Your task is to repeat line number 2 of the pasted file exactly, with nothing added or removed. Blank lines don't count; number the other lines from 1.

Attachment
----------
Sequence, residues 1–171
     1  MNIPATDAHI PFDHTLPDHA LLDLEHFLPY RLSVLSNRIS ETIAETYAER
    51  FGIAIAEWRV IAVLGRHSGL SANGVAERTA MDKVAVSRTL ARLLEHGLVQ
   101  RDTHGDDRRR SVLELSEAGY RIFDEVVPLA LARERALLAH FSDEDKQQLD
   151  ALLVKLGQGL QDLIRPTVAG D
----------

     1  MNIPATDAHI PFDHTLPDHA LLDLEHFLPY RLSVLSNRIS ETIAETYAER